Flares

“Look!  A flare.”

I know better than to look up in the sky when the Lovely Lady says the word.  My eyes automatically drop to the ground and I see it.  What she is pointing to are actually the tips of the leaves of our old friends, the crocuses.  Last week it was a skin-biting six degrees one morning, yet here are the crocuses, making promises.

Okay.  I know you want to know why one would look to the ground to see a flare, so I had better get that out of the way or you won’t hear a single word I say.  It is a story I have heard numerous times since I became part of her family, thirty-five years ago.  The Lovely Lady’s mother told and retold the bit of lore and it has long ago intertwined itself into our everyday life.

It seems that the young family was visiting grandparents in Florida many years ago.  On a lazy summer day, the adults sat and enjoyed their iced tea on the screened-in porch when the voice of one of the Lovely Little Girl’s brothers wafted on the breeze from the garden beside the house.

“No Jessie.  Don’t say flares.  Say flow-ers!”

The little neighbor girl, her southern accent firmly in place, could say no such word, but the young boy certainly gave promise of becoming a first class grammar cop.  He has made good on the promise.  I like him.

Now, where were we?  Oh yes!  The crocuses are making promises.  The weeks ahead will show us if they also can make good on that promise.

I’m betting on the crocuses.

Reading this, one could be forgiven for thinking that I am once again railing against the harshness of winter, although, in a way, I guess I could be.  It has been a brutal winter, one of the worst I can remember, and I am tired to death of it.  The ice, the frigid temperatures, and the accompanying hardships, along with the gloomy skies that follow have sapped me of any resolve to stay positive and upbeat.

More than once in the last month, I have thought about sending up a flare–no, a real flare, a signal of distress–to make sure that the Creator knows we’re still down here, waiting for relief.  I’ve certainly done enough complaining in my flare/prayers that have gone up His way.  Isn’t it odd–how the distance between us and Him seems at times to be as hard as the icy ground was last week?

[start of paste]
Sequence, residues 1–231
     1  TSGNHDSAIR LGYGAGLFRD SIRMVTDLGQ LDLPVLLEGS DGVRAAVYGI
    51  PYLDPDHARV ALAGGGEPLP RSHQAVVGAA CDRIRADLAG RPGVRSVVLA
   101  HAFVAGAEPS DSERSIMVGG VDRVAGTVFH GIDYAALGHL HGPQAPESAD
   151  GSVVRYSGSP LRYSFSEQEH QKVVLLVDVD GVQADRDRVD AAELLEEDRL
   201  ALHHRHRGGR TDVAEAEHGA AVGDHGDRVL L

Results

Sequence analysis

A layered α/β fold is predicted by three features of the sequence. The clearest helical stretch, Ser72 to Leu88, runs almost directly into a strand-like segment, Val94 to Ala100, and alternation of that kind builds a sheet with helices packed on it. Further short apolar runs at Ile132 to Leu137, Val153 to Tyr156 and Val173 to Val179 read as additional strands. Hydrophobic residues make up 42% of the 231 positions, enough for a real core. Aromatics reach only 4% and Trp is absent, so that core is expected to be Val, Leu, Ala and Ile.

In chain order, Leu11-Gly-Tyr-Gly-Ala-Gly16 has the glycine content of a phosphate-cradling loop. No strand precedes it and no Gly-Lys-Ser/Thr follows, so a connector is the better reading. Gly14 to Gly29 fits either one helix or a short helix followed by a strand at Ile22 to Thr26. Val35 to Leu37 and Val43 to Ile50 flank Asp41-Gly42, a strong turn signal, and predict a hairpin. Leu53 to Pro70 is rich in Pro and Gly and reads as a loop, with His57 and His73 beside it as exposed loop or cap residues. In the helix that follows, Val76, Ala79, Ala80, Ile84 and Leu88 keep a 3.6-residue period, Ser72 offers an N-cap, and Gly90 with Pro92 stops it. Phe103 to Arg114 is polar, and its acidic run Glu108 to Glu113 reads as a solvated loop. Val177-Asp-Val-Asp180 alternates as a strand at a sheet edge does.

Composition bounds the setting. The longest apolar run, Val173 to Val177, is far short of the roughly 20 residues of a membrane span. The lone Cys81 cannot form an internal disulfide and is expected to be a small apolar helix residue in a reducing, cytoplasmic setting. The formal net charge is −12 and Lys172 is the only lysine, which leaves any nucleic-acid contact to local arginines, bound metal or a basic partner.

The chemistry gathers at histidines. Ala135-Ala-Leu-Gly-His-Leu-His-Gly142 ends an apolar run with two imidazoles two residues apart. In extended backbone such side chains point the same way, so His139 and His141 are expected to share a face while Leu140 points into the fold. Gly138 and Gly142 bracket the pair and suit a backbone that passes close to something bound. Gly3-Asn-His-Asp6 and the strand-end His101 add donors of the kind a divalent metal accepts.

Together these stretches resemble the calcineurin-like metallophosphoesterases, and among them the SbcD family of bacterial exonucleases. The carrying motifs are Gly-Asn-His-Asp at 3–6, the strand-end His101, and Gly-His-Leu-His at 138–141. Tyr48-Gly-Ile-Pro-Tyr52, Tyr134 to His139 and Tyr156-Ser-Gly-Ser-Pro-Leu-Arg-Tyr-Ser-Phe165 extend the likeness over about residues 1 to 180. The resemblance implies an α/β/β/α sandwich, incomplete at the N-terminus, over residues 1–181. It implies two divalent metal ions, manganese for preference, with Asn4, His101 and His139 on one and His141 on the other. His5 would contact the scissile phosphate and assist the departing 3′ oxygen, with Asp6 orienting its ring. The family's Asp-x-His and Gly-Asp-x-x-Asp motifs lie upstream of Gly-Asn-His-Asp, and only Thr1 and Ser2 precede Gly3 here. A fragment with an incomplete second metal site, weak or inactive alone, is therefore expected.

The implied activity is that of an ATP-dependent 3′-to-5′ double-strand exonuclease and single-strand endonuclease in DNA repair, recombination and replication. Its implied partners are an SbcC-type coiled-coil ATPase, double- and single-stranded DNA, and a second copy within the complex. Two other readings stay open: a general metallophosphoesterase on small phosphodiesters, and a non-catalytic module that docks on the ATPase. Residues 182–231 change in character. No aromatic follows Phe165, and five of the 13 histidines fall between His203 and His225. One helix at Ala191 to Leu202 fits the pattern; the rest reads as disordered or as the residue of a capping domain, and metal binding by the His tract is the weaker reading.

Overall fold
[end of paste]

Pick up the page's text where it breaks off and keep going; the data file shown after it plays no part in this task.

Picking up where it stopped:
But when all is said and done, I’m not talking about the weather at all, am I?

May I talk about the crocuses for a minute more?

I didn’t plant them.  Someone else did that.  Down there, under the ground, there are some bulbs.  I’ve never seen the bulbs, but I know they are there.

Two weeks ago, when there was four inches of snow on the ground above them, they were there.  As the snow melted and refroze into a hard, glistening sheet of ice that made walking hazardous, the bulbs weren’t wondering what they should be doing.  They weren’t concerned about whether the shoots they were preparing to push skyward would be able to punch through the ice.

Those bulbs, which I have never set eyes on, just did what they do.  They gathered nutrients from the soil, some of those actually put there by that snow up above; they turned those nutrients into the immature leaves which were developing, and they began to push them up through the ground above them.  When the shoots got almost to the level of the soil, they stopped.  It was too cold for those leaves to be above ground, so they waited.  Then this week, the ground warmed up above freezing again, and they immediately started pushing upward once more.

The bulbs, which I really cannot give witness to actually being there, have been doing this for all the years we have lived here.  I have never tended them, never lifted a finger to aid them.

They have always kept their promise.  Every year.

No.  I’m not talking about the weather.

Come to think of it, I’m not really even talking about flower bulbs.

Life is not as easy as it once seemed to be.  Complications have set in.  Plans which have been set in motion haven’t come to fruition.  People I expected to remain alongside me have gone elsewhere, some physically and some spiritually.  There are more than a few who have gone from my world permanently.  I will never see them again, never hear their voices again.  Paths I have chosen have been blockaded, dead ends which disappoint in their ending.  Frequently these days, I am in a dark place.

But, I realize that I didn’t plant the seed.  I’m also coming to realize that I have no control over the end result.  That said, the promise of spring that follows winter has been made.

Someone planted the bulbs.

There will be crocuses.  Right on time.

The leaves are pushing through the ground right about now.  I can wait.

Seasons change.  There are still promises to be kept.

Look!  A flare.

“If winter comes, can spring be far behind?”
(From Ode to the West Wind by Percy Bysshe Shelley ~ English poet ~ 1792-1822)

“He who makes the promise will find ways and means of keeping it.  It is mine to obey His commands; it is not mine to direct His counsels.”
(C H Spurgeon ~ British pastor/theologian ~ 1834-1892)

© Paul Phillips. He’s Taken Leave. 2014. All Rights Reserved.

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